Anti-Semitism is not an issue of any significance in India, nor in the smaller South Asian countries, specifically Bangladesh, Afghanistan, Sri Lanka, Maldives, Nepal, and Bhutan.
Although there are very few Jewish citizens in the country, anti-Semitic press articles are common in the vernacular press. NGO sources point out that since India's 1992 establishment of diplomatic relations with Israel, the Pakistani media, both mainstream and Islamic, sometimes refers to India as the "Zionist threat on our borders." Nonetheless, the attitude of the media is not reflected in the actions of the Government. The Government cooperated in the capture of those responsible for the 2002 abduction and killing of Wall Street Journal Correspondent Daniel Pearl.
InnocentMonster, why have you repeated this post twice? Once here, and once in the "Is this true about Israel" thread?
No worries - I think if it comes down to something like 'India or Pakistan' the choice is quite obvious... India is the natural ally of Israel. I see no benefit in having diplomatic relations with Pakistan - a country that openly supports our enemies. Our foreign minister Silvan Shalom just wants to score some political points and divert attention from the real issues that we are facing. He likes to read his name in the newspapers. It's all hyped up.Originally Posted by InnocentMonster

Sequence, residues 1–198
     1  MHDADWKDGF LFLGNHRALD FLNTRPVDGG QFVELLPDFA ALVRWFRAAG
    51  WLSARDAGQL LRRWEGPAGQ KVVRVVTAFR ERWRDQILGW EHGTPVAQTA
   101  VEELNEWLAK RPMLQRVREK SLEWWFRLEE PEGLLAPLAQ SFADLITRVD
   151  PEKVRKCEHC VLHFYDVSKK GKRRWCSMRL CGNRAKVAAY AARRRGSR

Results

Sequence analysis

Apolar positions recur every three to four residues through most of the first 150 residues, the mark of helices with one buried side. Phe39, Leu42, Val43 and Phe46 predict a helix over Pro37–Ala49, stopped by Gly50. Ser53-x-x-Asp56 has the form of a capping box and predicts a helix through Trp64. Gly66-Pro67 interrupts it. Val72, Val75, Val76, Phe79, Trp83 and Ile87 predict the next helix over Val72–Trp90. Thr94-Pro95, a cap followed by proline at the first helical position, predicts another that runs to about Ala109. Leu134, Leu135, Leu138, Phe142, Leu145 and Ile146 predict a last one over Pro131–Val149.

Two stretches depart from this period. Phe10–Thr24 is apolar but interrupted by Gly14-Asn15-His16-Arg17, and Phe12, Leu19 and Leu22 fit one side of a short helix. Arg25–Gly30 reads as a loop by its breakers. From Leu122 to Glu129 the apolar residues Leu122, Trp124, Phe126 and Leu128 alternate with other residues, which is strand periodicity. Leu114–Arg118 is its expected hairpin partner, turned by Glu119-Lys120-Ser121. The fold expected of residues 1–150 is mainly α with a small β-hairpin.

Maybe there will be a time when you will say that Pakistan WAS a country that USED to support your enemies ????Originally Posted by Ariksan
Pakistan has been standing up to the Terrorist State of India for the past few decades that is 7 times larger then it in almost every aspect. Now they have realized that they cant have their way with Pakistan so they are begging for dialogue. Bafoons !
As far as Israel is concerned, A nuclear armed Pakistan with a massive influence over other Islamic countries and also a friend to Israel like Turkey will automatically become a great value country to Israel in time. Sharon is an ultra Nationalist and he wouldnt even think twice about having friendly ties with Pakistan.
By the way, There are tens of more Islamic countries that sing Pakistan's tune on international forums as compared to the Terrorist State of India. :-).
Originally Posted by Aliph
Why don't you just stop the rhetoric for a moment. Anybody with a brain knows that the only thing standing in the way of Pakistan and India having a nice little cold peace at this moment in time is that Kashmir is a vital water resource. For once, I would like to see people leave religion out of these conflicts and call a spade a spade. If everyone truly cared about the sanctity of their respective faiths, they wouldn't drag them through the political mud. And if you must do it, then don't do it here.
What I am trying to figure out is why every place called Israel has to become a battle ground for some unrelated third parties...
â€œThis is a reality but I wonâ€™t deal with it in terms of recognizing or admitting it.â€
Khaled Mashaal, Hamas leader